I see the same characteristics in the new Pope Francis. It is the Catholic Church, based in the home of liberation theology, South America, which manages, in my opinion, to balance the love and commitment to Scripture and Tradition, and, at the same time, reveal the open love of God through Jesus Christ. There is no compromising at any point. It is a difficult and rare skill to be able to stand in that point of apparent paradox and contradiction that the power of God’s love is shown. Oscar Romero epitomises this ability to me and reveals Christ and it is this that I seek to grow into, with the help of God. To spend a day praying this prayer for help is a worthwhile and valuable thing to do.
But be warned: it is easy to read into the lives of the departed saints what we want to see. No doubt I have done this with Romero and with countless other saints I admire. It is a natural human instinct to make gods/idols in our own image; we’ve done it with Jesus, we can do it with one of his disciples. Take, St Aelred of Rievaulx, as an example. On his feast day (12th January) there was a flurry of articles and reflections on the question of St. Aelred’s sexuality. His most famous work is ‘Spiritual Friendship’ which is an excellent book on community and relationships. In this book St. Aelred’s relationship with younger monks, depicted in a series of dialogues with them, seems to be very close and intimate. In St. Aelred’s monastery, of which he was the Abbot, he allowed/encouraged monks to hold hands and to meet each other with a holy kiss. All this could be seen as an open acceptance of homosexuality within the monastery. I do not deny that St. Aelred is indeed encouraging close intimacy between brothers (and sisters) and is akin to that of a romantic couple but I refute that this necessarily means that he condoned homesexual practice. I doubt very much if he would remain as an abbot if he had been so ‘progressive’.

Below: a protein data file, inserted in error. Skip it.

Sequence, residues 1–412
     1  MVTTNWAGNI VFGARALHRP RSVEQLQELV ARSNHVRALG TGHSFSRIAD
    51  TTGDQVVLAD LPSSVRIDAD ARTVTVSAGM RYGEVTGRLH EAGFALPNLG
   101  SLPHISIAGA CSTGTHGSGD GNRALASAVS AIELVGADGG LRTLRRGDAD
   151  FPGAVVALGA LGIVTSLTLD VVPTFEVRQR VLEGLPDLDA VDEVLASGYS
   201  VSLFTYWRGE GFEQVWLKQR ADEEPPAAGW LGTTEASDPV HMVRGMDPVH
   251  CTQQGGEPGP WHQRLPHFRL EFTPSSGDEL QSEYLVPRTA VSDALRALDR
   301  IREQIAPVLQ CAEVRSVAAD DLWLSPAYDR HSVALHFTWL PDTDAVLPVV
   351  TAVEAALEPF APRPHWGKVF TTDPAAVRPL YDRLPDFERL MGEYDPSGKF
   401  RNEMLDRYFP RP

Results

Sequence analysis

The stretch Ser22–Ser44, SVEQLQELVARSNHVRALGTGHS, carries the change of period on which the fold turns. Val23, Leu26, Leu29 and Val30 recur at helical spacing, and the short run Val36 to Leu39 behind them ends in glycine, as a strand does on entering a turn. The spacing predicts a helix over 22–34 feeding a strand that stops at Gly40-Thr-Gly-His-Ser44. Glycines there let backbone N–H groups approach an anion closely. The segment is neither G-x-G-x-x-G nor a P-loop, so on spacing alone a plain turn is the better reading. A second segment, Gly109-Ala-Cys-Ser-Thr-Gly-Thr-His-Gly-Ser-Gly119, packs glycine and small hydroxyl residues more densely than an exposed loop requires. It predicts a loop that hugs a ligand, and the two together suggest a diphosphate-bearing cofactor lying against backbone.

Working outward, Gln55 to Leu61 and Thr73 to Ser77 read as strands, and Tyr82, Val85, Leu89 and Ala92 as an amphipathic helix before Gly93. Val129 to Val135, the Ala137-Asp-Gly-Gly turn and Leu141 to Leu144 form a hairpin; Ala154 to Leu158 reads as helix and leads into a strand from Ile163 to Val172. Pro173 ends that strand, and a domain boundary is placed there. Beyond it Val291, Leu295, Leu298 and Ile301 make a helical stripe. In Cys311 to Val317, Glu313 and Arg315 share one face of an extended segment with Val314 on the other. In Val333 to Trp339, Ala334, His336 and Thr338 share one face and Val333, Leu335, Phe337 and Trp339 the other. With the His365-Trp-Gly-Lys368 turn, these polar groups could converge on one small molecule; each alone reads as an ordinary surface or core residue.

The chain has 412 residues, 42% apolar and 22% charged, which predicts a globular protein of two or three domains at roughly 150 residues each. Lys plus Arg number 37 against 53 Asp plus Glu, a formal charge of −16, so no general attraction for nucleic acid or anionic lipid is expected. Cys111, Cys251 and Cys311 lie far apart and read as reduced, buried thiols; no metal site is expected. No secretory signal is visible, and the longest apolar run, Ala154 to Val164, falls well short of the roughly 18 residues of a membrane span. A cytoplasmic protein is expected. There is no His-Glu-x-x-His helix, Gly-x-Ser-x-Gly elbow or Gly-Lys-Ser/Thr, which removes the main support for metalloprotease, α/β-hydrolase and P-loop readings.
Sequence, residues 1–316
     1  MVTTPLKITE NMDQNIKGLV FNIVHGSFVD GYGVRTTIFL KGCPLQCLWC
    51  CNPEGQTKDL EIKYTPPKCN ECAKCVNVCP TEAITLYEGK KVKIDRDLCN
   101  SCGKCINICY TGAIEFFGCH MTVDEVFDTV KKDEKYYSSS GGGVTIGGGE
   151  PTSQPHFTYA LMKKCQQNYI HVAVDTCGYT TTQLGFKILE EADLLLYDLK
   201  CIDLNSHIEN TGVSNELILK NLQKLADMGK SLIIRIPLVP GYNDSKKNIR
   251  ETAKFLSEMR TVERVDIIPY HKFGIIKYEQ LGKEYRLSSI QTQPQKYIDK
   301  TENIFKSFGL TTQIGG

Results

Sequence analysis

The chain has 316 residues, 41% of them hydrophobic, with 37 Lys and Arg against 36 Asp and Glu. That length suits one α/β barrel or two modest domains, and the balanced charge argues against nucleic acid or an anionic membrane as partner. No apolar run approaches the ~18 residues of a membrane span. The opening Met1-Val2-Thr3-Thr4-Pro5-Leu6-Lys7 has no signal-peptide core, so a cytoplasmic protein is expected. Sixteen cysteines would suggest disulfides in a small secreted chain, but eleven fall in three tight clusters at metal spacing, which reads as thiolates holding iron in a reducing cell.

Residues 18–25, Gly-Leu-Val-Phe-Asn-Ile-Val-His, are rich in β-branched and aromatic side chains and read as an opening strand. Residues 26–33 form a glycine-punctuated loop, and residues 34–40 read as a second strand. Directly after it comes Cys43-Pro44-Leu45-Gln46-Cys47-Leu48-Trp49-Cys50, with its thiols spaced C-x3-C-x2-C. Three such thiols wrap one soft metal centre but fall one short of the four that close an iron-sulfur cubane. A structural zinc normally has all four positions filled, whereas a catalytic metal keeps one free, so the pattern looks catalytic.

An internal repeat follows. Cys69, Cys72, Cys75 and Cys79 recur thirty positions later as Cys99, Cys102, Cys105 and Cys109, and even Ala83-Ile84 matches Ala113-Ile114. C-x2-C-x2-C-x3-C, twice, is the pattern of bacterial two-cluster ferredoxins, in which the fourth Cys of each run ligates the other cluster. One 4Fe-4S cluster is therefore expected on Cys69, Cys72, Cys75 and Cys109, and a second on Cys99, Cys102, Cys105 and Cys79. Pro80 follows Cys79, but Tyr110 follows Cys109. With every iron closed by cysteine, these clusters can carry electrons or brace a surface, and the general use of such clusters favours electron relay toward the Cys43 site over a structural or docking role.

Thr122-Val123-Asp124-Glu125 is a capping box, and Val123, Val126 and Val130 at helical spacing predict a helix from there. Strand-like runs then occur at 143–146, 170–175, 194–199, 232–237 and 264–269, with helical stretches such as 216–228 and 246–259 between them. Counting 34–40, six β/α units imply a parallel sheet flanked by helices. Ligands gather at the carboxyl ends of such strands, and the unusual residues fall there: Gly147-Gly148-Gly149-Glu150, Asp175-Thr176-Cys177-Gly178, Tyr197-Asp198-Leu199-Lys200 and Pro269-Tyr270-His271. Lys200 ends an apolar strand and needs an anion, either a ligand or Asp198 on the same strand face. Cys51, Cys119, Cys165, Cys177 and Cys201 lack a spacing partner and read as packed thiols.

I love St. Aelred and his ideas about deep commitment between people of any gender. I encourage that sort of relationship now, same sex or opposite sex, but the complication comes when we discuss the matter of the sexual act and to immediately suggest that one must contain the other is a fallacy.
What upset me on the feast day of St. Aelred was the ease with which people ‘out’ed a dead man. Whether he struggled with his sexuality or not; whether he always wanted to admit to his superiors his same sex attraction or not is not our job to say for him. That action has been dealt with between St. Aelred and his God. However much we feel we are doing St. Aelred a justice in proclaiming his perceived sexuality, it is not our place and nor the reason he should be remembered. St. Aelred, along with all the saints, should be remembered for their proclamation and witness to God. For St. Aelred and Romero this must be only what they said and did not what we hoped they said and did.
To connect ourselves with past Christians from a bygone era seems a dangerous thing to do to us in a progressive generation whose obsession with our own ability to ‘improve’. We are in an age where all progress is good progress and we are growing in enlightenment. We are now more informed and more rational than any generation before us and we are building on the past in positive and constructive ways. Unfortunately, the same could be said of the people in Babel. We reached a climax of this thinking during the 20th century when all our intelligence and rationality, all our philosophies and ethics culminated in the possibility of two World Wars and a death toll unimaginable before. Despite this fact, we still consider ourselves as evolving and improving.
For me, remembering saints, reading and learning the tradition holds and protects me from considering that I am in anyway unique or special without a great cloud of witnesses behind me. If I cut myself off from their example and their lives and deaths, I isolate myself. I leave myself open to the temptation and fallacy that I am an island and able to survive without God. I build a tower of my own to reach the heavens in an attempt to displace God from His throne and take charge of the whole world…
Many have tried. All have failed. Alleluia!
Lord, Jesus Christ, Son of God, have mercy on me, a sinner. Draw me closer to yourself, through the crowd of saints who gather round your throne where they worship and adore you for your amazing sovereignty, grace and love.
Come, Lord Jesus.